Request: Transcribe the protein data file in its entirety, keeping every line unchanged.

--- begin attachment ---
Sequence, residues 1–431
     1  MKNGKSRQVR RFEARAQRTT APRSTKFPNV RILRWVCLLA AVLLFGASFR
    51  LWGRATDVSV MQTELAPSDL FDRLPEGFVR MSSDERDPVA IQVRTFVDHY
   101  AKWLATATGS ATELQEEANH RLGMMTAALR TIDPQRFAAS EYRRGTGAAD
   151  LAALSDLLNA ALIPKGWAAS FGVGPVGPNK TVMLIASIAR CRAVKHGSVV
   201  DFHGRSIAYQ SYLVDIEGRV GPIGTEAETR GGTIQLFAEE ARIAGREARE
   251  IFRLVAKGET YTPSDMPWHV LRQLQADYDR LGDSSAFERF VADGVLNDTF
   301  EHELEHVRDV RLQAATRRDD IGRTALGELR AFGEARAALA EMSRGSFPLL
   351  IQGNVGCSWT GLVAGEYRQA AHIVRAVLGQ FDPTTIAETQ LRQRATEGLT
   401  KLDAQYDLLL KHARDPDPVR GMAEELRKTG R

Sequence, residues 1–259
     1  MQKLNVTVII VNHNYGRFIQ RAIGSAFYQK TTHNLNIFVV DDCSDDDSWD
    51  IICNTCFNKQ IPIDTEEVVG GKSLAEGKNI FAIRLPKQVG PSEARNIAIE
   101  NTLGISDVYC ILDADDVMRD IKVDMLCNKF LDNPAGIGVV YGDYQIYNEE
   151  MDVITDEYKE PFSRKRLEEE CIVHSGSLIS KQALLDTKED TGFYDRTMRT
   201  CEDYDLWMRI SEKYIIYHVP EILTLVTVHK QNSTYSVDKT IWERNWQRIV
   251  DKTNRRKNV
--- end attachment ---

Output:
Sequence, residues 1–431
     1  MKNGKSRQVR RFEARAQRTT APRSTKFPNV RILRWVCLLA AVLLFGASFR
    51  LWGRATDVSV MQTELAPSDL FDRLPEGFVR MSSDERDPVA IQVRTFVDHY
   101  AKWLATATGS ATELQEEANH RLGMMTAALR TIDPQRFAAS EYRRGTGAAD
   151  LAALSDLLNA ALIPKGWAAS FGVGPVGPNK TVMLIASIAR CRAVKHGSVV
   201  DFHGRSIAYQ SYLVDIEGRV GPIGTEAETR GGTIQLFAEE ARIAGREARE
   251  IFRLVAKGET YTPSDMPWHV LRQLQADYDR LGDSSAFERF VADGVLNDTF
   301  EHELEHVRDV RLQAATRRDD IGRTALGELR AFGEARAALA EMSRGSFPLL
   351  IQGNVGCSWT GLVAGEYRQA AHIVRAVLGQ FDPTTIAETQ LRQRATEGLT
   401  KLDAQYDLLL KHARDPDPVR GMAEELRKTG R

Sequence, residues 1–259
     1  MQKLNVTVII VNHNYGRFIQ RAIGSAFYQK TTHNLNIFVV DDCSDDDSWD
    51  IICNTCFNKQ IPIDTEEVVG GKSLAEGKNI FAIRLPKQVG PSEARNIAIE
   101  NTLGISDVYC ILDADDVMRD IKVDMLCNKF LDNPAGIGVV YGDYQIYNEE
   151  MDVITDEYKE PFSRKRLEEE CIVHSGSLIS KQALLDTKED TGFYDRTMRT
   201  CEDYDLWMRI SEKYIIYHVP EILTLVTVHK QNSTYSVDKT IWERNWQRIV
   251  DKTNRRKNV